Dear initial advisors,
For the first installment of Advising Advice for the year, I would like to share with you an idea for generating discussions with first-year students during the Labor Day dinner and beyond. Please see the letter below and the attached list of possible "discussion starters" for your reference.
I wish you all the best as we begin a new academic year.
In our various capacities - working with fellowship advising, academic advising, and student affairs - over the summer we had a series of informal conversations with each other and with diverse members of the faculty, often impromptu, about ways of further fostering an intellectual climate among students on campus. Quite a lot of what we've each read, heard, and discussed emphasizes the importance of getting the attention of students very early, even within their first weeks on campus, to help set a positive tone and to suggest beneficial frameworks for the interrelated academic and social decisions that new students will start making.
It just recently occurred to us that the first-year students' Labor Day dinner with advisers might be a great opportunity for interested faculty members to contribute to this effort. Clearly, many advisers have developed productive, satisfying approaches to the dinner and to long-term conversations that follow, and they will rightly find no reason to alter their models. Other advisers have expressed a wish to use the dinner somewhat differently than they have in previous years. We write to make you aware of the decision some faculty have made to facilitate more structured discussions than they've had in the past, and to invite you to participate if you are inclined.
This initiative, certainly, is completely voluntary. It is in no way "official" - rather being an experiment that some advisers are choosing to try. Over the course of this academic year, doubtless many on campus will continue to dedicate thought and discussion to approaches to advising, and we look forward to broad-scale collaboration in those considerations.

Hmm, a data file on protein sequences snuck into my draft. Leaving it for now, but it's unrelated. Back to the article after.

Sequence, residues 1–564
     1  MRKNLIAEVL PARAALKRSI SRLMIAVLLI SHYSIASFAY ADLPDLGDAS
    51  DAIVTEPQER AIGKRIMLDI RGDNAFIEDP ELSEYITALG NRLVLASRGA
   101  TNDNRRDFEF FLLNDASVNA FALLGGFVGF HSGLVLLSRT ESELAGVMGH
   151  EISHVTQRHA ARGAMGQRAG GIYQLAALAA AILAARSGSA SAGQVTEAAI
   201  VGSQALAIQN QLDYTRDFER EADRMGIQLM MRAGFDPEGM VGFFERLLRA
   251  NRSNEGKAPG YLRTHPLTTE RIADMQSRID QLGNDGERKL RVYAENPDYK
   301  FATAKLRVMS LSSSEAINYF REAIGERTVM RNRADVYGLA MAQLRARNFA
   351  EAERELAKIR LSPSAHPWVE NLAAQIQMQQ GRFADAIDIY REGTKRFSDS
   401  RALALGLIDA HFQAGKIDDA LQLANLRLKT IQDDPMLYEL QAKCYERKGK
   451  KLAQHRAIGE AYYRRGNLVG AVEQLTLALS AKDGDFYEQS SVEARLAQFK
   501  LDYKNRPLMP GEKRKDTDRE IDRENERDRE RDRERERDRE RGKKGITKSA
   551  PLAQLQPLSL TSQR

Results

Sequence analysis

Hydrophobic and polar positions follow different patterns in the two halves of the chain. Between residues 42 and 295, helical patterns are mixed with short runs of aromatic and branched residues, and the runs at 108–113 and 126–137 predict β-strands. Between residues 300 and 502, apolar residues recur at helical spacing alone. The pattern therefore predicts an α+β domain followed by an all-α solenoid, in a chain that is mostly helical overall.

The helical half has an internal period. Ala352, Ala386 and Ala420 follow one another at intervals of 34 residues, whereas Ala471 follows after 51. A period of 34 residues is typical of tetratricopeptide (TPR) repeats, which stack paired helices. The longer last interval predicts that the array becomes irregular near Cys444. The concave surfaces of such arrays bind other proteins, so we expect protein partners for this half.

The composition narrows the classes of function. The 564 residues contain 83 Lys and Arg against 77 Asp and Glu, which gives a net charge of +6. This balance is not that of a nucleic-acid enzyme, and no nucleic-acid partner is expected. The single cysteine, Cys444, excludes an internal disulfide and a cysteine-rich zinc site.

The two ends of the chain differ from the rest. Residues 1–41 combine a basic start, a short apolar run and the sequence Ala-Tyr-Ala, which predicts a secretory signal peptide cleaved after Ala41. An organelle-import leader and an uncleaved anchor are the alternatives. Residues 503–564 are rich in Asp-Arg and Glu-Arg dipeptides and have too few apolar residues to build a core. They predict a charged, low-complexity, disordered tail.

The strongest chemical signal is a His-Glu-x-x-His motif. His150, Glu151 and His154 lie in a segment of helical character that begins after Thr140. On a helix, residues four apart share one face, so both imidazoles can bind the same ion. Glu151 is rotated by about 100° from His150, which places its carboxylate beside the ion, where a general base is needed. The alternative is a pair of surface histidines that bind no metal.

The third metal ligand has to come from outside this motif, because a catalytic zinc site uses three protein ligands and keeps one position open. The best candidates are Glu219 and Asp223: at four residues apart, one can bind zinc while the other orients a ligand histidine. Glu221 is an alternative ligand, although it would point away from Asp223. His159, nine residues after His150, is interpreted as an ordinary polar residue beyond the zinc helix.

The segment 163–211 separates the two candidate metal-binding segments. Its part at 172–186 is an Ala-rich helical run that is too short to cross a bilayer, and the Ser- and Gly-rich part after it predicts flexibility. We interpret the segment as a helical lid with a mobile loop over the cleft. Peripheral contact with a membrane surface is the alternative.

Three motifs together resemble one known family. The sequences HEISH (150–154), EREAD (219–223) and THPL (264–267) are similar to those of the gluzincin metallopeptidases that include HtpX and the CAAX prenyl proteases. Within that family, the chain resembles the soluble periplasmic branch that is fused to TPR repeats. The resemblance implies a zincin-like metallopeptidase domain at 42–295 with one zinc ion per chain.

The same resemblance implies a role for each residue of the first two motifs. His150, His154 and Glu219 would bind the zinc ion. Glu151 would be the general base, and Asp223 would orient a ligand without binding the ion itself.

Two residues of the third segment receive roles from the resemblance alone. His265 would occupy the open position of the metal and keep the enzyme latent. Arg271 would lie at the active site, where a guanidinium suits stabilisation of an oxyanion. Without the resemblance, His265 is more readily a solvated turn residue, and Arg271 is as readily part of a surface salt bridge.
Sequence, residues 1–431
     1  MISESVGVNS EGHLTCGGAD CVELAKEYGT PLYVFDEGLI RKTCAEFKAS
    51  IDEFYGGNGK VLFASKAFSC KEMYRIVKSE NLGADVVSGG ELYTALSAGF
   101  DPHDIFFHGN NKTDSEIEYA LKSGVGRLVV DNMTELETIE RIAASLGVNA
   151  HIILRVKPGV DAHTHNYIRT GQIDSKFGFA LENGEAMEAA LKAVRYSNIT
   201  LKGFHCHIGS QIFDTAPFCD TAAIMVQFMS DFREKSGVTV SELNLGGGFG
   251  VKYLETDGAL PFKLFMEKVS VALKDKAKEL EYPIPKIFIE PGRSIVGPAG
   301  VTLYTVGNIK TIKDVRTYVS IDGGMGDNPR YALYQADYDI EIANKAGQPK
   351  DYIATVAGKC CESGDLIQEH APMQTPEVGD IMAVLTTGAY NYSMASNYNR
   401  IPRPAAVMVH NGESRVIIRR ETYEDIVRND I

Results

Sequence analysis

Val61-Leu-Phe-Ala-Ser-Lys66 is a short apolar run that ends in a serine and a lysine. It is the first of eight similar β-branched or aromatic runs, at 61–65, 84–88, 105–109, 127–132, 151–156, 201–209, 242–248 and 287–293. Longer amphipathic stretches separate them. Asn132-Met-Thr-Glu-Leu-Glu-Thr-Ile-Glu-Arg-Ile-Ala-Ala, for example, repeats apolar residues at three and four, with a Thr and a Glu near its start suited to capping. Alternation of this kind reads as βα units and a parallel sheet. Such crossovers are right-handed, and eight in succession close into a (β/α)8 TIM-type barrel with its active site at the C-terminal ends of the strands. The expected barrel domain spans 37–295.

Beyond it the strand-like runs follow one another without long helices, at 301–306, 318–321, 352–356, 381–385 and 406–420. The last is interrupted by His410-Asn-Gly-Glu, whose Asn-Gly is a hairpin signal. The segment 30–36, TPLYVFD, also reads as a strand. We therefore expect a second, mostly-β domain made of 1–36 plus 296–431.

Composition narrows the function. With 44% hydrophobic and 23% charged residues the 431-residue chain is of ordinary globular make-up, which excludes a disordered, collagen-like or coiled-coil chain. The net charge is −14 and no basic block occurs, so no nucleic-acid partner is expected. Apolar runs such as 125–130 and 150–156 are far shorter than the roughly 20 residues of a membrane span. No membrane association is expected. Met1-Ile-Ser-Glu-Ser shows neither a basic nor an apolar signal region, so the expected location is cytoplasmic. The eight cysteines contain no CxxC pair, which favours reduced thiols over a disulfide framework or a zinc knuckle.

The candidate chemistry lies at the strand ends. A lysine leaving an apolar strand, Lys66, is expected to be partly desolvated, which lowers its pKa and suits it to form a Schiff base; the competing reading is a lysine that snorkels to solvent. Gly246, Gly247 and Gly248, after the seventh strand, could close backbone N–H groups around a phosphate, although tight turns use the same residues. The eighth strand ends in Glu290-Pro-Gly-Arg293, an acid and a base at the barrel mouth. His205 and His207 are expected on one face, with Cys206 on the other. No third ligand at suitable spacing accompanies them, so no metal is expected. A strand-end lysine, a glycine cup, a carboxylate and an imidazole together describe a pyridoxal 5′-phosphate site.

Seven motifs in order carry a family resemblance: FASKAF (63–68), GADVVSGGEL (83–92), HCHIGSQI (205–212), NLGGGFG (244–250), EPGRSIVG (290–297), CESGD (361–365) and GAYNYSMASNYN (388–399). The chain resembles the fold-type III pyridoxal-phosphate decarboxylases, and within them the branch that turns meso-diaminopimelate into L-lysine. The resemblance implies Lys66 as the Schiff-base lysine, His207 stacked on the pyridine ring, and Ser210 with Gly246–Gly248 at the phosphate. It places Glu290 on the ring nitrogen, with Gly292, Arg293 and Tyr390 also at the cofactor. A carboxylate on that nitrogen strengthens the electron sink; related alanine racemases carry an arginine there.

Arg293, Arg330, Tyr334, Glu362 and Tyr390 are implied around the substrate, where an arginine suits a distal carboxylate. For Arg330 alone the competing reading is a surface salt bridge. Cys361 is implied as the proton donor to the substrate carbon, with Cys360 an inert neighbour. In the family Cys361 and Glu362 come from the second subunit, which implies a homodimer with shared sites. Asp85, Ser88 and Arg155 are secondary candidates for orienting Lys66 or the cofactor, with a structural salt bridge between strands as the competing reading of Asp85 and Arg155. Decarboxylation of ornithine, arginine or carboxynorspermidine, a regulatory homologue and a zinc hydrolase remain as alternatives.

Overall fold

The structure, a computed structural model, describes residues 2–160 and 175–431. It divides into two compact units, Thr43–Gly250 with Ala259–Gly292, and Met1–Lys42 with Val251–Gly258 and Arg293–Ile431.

As part of that effort, an "Advising Idea Share Site" is being established on Sakai so that participants can discuss approaches to advising. We've uploaded to Sakai the 2007 report and recommendations from the Advising Task Force, chaired by Lesley Wheeler; the report, along with much other information on advising, is available on the Provost's website. The work of the Task Force fostered robust conversations about advising in recent years, and we hope that the Sakai site might help further their vision and review issues they raised.
In the meantime, particularly given the unprecedentedly large size of the incoming class, some faculty would like to seize the first-year advising dinner opportunity to reinforce from an academic perspective Orientation Week messages about the value of diverse contributions to the W&L community, of purposeful decision making, and of defining and remaining true to one's own (often evolving) personal goals, values, or passions.
These objectives seem to us deeply consistent with the W&L mission of providing a "liberal arts education that develops students' capacity to think freely, critically, and humanely and to conduct themselves with honor, integrity, and civility. Graduates will be prepared for life-long learning, personal achievement, responsible leadership, service to others, and engaged citizenship in a global and diverse society." Encouraging students to more regularly fuse their intellectual and social experiences, we think, is integral to supporting these core institutional values.
If you are interested in participating in this effort during the first-year advising dinner - as some faculty will be, and likely others will not - we hope you'll see the attached document. It includes discussion questions that might start conversations in constructive, friendly ways with students about their aspirations, plans and values.
If you have additional ideas to share please feel free to post them to the "Advising Idea Share Site" on Sakai. After the dinner, we can also use the Sakai forum to check in about how things went.
Our sincere appreciation to the faculty who in recent weeks informally shared perspectives on advising, including the first-year dinner, with us. We look forward to further conversations with you and with other faculty members who would like to participate in this ongoing dialog.
Many thanks to all for your time and best wishes for a great start to the year,
Theresa Braunschneider, Associate Professor of English and liaison to UK fellowships
Sidney Evans, Vice President for Student Affairs and Dean of Students
Dave Leonard, Dean of Student Life
Jason Rodocker, Assistant Dean for First-Year Experience
Elizabeth Knapp, Associate Provost
Rob Straughan, Associate Dean of the Williams School
Alison Bell, Associate Dean of the College and coordinator of fellowship programs